US military spies on social media - is New Zealand involved?
The US Pentagon is in damage control today following revelations that not only was the US Department of Defence collecting social media data from millions of users around the world but managed to expose all that data to the world via misconfigured Amazon Web Services servers.
While the data was all public prior to its collection, questions are now being asked about the scope of the US military's monitoring of social media, in particular posts by Americans.
The data includes 1.8 billion posts over eight years on a variety of platforms including news sites, comment sections, social media and web forums and focus on central Asia, the Middle East and the South Pacific. There is no word yet on whether any New Zealand users are caught up in the trawl.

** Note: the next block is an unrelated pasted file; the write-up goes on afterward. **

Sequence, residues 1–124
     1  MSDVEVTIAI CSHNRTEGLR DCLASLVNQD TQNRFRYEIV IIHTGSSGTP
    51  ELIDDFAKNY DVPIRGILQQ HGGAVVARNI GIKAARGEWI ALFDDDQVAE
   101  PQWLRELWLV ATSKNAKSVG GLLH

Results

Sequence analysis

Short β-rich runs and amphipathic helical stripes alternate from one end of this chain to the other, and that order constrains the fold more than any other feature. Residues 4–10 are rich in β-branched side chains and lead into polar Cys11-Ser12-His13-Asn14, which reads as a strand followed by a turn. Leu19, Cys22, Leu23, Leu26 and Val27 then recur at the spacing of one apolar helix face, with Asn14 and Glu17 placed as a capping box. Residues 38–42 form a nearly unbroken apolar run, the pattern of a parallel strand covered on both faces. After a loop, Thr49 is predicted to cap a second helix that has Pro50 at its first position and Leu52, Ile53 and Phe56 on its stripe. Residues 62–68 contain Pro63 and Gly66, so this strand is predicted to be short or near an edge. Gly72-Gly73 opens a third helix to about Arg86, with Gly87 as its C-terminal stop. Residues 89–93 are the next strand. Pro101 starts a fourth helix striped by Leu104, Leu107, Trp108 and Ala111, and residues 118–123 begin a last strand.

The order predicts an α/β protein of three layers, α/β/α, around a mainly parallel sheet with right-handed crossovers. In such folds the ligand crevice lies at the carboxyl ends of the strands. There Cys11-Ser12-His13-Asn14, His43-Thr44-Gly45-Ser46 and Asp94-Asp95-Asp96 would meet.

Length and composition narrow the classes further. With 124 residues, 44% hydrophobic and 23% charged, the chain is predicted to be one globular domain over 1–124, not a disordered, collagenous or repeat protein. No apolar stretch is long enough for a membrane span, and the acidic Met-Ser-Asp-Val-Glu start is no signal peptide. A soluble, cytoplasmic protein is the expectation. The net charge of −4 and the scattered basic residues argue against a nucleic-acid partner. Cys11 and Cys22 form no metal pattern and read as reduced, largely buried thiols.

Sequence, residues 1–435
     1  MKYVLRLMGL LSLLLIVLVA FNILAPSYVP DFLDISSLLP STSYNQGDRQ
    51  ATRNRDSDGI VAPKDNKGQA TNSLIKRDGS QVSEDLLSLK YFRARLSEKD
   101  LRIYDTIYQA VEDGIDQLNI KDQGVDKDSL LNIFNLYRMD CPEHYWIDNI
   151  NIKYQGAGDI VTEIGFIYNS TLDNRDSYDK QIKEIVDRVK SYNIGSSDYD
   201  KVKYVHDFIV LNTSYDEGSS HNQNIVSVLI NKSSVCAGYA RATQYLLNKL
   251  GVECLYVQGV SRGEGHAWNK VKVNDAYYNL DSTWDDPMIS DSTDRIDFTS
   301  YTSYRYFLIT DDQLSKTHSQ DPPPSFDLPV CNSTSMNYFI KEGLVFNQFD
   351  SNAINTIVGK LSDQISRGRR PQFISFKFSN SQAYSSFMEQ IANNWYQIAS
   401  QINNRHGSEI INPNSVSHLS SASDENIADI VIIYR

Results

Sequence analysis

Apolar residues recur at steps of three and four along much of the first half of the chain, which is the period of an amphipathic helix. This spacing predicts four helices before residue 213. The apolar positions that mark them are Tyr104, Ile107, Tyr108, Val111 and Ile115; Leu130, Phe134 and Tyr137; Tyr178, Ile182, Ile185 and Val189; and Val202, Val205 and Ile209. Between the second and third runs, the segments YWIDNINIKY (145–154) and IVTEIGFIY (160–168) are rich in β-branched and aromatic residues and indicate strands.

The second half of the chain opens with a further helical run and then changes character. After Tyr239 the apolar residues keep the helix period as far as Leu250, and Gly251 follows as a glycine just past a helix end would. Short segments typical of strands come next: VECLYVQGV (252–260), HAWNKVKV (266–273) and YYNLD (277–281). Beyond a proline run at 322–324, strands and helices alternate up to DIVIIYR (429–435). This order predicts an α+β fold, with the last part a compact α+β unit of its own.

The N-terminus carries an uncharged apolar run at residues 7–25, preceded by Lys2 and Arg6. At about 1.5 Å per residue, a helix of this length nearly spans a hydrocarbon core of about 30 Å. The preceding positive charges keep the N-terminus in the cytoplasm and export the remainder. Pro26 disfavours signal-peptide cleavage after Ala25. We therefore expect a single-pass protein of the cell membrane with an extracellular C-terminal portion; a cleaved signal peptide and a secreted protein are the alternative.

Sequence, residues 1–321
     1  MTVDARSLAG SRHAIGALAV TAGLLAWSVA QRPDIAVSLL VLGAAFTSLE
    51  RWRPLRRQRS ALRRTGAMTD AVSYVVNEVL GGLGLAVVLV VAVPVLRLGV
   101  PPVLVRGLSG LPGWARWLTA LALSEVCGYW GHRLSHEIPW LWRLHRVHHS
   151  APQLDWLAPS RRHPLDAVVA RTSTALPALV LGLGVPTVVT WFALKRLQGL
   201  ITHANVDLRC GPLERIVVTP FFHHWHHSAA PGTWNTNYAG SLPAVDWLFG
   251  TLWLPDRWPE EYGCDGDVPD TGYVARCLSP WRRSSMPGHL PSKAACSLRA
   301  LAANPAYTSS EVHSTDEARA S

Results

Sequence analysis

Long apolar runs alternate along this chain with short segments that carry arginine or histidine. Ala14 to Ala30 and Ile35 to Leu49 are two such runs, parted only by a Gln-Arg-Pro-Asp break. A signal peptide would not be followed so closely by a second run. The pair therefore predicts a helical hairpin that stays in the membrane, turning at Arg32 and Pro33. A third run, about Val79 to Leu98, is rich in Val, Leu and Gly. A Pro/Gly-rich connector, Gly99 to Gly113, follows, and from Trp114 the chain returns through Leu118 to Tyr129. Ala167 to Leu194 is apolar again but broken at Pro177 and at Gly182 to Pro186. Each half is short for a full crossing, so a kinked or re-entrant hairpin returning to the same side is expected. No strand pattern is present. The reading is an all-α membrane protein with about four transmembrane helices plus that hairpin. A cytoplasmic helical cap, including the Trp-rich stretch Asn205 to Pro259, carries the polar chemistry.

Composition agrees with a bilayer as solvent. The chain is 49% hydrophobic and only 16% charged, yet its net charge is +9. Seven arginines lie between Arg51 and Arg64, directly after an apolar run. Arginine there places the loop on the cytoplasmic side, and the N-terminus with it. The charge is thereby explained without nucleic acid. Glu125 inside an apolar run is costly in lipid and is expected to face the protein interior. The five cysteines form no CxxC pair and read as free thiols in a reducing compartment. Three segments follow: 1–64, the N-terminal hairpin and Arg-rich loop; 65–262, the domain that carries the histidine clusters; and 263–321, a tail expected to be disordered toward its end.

The data was discovered by UpGuard's Director of Cyber Risk Research, Chris Vickery, who found the three massive AWS storage buckets were configured to allow any authenticated user to browse and download the content. Vickery told UK publication The Register he stumbled across them by accident while scanning for the word "com". The archives apparently are named for US military abbreviations CENTCOM (US Central Command), PACON (Pacific Command). The three servers are centcom-backup, centcom-archive and pacom-archive.
"For the research I downloaded 400GB of samples but there were many terabytes up there," Vickery told The Register.
The discover raises questions about the extent of not only US surveillance of social posts but also of New Zealand's ongoing involvement in regional spying.
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